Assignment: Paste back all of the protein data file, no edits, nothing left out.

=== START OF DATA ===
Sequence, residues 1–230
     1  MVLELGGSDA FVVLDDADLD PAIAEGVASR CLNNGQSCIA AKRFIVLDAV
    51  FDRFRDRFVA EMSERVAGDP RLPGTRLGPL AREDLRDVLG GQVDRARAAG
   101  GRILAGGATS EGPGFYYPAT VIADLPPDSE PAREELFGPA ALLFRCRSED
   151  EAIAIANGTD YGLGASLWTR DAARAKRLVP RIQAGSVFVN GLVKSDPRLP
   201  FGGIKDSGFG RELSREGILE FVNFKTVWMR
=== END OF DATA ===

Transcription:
Sequence, residues 1–230
     1  MVLELGGSDA FVVLDDADLD PAIAEGVASR CLNNGQSCIA AKRFIVLDAV
    51  FDRFRDRFVA EMSERVAGDP RLPGTRLGPL AREDLRDVLG GQVDRARAAG
   101  GRILAGGATS EGPGFYYPAT VIADLPPDSE PAREELFGPA ALLFRCRSED
   151  EAIAIANGTD YGLGASLWTR DAARAKRLVP RIQAGSVFVN GLVKSDPRLP
   201  FGGIKDSGFG RELSREGILE FVNFKTVWMR